An ever-timely message, told in (two) primary colors.


What does it say that the nature and quality of our national political debate should be so baldly captured in a book for 4-year-olds?       

Newcomer Clanton's candidates are a donkey and an elephant, economically if emotively drawn on fields of blue and red. Yes, we know who these characters are, even more so when they start to address the reader, aka the potential voter. First come the soft sell, the loopy promises and idle boasts—"Do you like CANDY?" "I'm a SUPER CUTE elephant!"—then come the ad hominem attacks: "Well, you certainly do, you big, STINKY pooper scooper," or, drawing from Spiro Agnew's playbook, "belching beast of burden." Finally, they sling enough mud that the electorate takes its business elsewhere. It is a painful point well made, that these candidates are laughable when not plain embarrassing. But even if the name-calling has a measure of low humor at first, it soon pales—something that Clanton's book threatens to do before its neat twist—in direct proportion to its sustenance on either the entertainment or intellectual front, as any 4-year-old will tell you. Read it with Eileen Christelow's splendid Vote! (2003) if you want that 4-year-old to actually learn anything, though.

An ever-timely message, told in (two) primary colors. (Picture book. 4-8)

Pub Date: April 1, 2012

ISBN: 978-1-55453-822-5

Page Count: 40

Publisher: Kids Can

Review Posted Online: Jan. 18, 2012

Kirkus Reviews Issue: Feb. 1, 2012

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Noted storyteller Bruchac (Squanto’s Journey: The Story of the First Thanksgiving, p. 1498, etc.) teams up with his son, James (Native American Games and Stories, not reviewed) to present a pourquoi tale from the East Coast Native American tradition. Bear is undeniably big; he is also a braggart, given to walking through the forest and proclaiming his superiority to all within earshot: “I can do anything! Yes, I can!” When he hears this, little Brown Squirrel challenges Bear to tell the sun not to rise the next day. This Bear does, and when the sun does in fact rise despite his injunction not to, Brown Squirrel unwisely gloats: “Bear is foolish, the sun came up. Bear is silly, the sun came up.” Thanks to trickery, Brown Squirrel escapes with his life, but not before Bear claws the stripes into his back that cause him to change his name to Chipmunk. The Bruchacs translate the orality of the tale to written text beautifully, including dialogue that invites audience participation. Aruego and Dewey’s (Mouse in Love, p. 886, etc.) signature cartoon-like illustrations extend the humor of the text perfectly. One spread shows the faces of all the animals rejoicing in the yellow light of the newly risen sun—all except Bear, whose glower contrasts ominously with Brown Squirrel’s glee. Clever use of perspective emphasizes the difference in size between boastful Bear and his pint-sized trickster opponent. Authors’ notes precede the story, explaining the history of the tale and each teller’s relationship to it. A winner. (Picture book/folktale. 4-8)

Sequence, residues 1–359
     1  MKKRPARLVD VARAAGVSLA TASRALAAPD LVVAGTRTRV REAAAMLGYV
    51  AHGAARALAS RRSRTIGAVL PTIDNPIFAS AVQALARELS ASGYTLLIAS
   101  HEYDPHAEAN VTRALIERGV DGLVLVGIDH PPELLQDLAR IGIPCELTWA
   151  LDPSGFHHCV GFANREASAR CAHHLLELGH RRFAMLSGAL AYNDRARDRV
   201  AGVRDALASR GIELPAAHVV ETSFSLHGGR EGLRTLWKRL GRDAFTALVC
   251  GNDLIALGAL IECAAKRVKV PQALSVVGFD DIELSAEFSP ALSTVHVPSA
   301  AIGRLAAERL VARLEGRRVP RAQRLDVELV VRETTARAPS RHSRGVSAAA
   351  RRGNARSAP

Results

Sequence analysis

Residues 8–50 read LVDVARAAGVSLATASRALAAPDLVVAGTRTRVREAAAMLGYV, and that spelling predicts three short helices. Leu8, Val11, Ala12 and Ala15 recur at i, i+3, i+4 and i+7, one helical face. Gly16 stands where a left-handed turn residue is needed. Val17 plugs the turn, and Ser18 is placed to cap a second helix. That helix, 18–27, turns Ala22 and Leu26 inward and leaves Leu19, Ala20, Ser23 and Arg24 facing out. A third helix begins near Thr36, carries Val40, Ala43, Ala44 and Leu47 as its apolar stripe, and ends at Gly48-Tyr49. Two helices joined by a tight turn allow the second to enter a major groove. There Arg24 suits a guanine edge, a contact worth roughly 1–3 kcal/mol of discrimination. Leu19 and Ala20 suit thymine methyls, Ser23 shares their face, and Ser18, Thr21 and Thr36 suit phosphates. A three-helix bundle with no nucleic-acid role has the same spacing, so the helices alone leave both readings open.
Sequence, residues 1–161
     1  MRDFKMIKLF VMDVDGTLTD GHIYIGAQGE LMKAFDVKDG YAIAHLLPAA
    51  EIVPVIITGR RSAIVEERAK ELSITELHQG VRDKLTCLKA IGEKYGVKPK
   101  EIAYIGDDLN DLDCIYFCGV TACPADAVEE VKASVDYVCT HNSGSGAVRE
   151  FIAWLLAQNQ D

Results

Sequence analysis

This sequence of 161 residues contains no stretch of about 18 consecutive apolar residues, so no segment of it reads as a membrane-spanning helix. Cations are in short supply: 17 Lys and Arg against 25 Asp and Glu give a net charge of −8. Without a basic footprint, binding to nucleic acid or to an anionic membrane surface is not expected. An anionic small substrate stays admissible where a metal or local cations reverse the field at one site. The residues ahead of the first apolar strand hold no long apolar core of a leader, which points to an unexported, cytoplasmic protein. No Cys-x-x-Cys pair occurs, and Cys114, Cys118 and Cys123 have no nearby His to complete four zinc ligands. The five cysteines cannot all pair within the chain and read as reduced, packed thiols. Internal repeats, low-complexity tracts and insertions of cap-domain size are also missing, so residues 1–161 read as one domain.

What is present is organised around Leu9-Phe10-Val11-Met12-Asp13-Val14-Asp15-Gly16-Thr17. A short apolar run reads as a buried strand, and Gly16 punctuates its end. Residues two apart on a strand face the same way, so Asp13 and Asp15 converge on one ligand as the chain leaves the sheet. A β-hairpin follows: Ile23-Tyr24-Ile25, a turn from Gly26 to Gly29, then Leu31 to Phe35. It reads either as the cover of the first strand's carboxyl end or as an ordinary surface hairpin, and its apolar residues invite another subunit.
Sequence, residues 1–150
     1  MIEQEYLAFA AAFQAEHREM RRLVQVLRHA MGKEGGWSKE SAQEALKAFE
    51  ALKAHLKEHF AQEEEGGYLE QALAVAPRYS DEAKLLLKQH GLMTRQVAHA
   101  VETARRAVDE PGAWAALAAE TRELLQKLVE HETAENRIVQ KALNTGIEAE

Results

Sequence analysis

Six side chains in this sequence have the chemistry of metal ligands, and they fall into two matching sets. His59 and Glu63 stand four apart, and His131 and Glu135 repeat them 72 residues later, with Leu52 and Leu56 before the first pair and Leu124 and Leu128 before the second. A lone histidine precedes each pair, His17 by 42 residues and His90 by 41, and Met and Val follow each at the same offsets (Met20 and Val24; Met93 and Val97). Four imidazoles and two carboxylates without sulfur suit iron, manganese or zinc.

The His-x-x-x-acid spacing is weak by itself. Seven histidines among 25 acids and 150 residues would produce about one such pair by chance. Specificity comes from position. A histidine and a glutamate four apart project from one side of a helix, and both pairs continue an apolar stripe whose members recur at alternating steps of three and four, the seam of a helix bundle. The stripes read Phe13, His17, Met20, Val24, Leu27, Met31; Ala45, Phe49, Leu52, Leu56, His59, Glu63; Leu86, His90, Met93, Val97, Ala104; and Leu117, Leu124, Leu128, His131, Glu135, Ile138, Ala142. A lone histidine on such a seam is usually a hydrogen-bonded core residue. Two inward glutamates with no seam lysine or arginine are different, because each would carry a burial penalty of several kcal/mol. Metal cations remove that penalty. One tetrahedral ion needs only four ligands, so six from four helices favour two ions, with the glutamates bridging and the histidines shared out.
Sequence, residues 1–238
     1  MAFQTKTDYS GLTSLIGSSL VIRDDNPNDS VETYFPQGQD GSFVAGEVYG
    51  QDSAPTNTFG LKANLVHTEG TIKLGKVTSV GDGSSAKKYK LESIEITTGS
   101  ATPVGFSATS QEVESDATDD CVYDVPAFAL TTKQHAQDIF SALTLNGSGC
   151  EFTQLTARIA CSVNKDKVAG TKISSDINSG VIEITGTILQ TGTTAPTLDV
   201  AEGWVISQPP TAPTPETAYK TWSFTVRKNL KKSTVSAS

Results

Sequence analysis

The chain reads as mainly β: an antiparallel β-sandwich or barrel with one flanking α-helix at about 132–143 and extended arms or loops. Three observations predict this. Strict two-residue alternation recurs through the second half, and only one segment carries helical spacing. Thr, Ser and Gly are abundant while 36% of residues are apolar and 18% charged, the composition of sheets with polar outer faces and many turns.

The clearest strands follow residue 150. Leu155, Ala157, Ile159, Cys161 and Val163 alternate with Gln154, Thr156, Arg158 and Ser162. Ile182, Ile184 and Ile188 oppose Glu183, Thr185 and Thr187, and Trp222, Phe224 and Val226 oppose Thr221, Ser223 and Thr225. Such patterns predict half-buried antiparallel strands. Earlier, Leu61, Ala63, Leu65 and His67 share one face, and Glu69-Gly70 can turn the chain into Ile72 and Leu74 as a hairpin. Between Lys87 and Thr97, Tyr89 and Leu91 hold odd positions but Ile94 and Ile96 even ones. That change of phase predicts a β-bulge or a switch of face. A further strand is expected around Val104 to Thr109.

Pub Date: March 1, 2001

ISBN: 0-8037-2404-7

Page Count: 32

Publisher: Dial Books

Review Posted Online: May 20, 2010

Kirkus Reviews Issue: Dec. 15, 2000

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A beautifully illustrated Afrocentric story that inspires as it informs.


From the Macy's World series

Macy proposes to celebrate African heritage in a very visible way.

A little brown-skinned Black girl with two Afro puffs, Macy greets her teacher, Miss Brown, and compliments her dress. Miss Brown, who is also Black, identifies the fabric as typical of West Africa. When Macy suggests that her classmates each wear an outfit from a different African country, Miss Brown loves the idea. The following week, Miss Brown points to Kenya on an African map as Naomi models a Kenyan Masai dress made with red shuka cloth and colorful beaded necklaces. Macy’s classmates wear Ghanaian Ashanti kente cloth; Angolan, Namibian and Ethiopian garb; a Nigerian ceremonial outfit, the agbada; a Rwandan Tutsi warrior’s clothing; and a Cameroonian elephant mask with matching outfit. Macy arrives late with a special surprise that makes everyone smile. Freeman’s colorful, detailed illustrations represent children with different hairstyles and skin tones, including one with albinism. A richer story would have given the children personal connections with the countries they represent. But even lacking that, this wonderful display of traditional clothing encourages readers to appreciate diversity within Africa and will spark interest in learning about the origins of these beautiful, colorful fabrics and the people who wear them, since clothing expresses culture in so many ways. (This book was reviewed digitally.)

A beautifully illustrated Afrocentric story that inspires as it informs. (Picture book. 4-7)

Pub Date: Sept. 7, 2021

ISBN: 978-1-913175-18-4

Page Count: 32

Publisher: Cassava Republic Press

Review Posted Online: July 27, 2021

Kirkus Reviews Issue: Aug. 15, 2021

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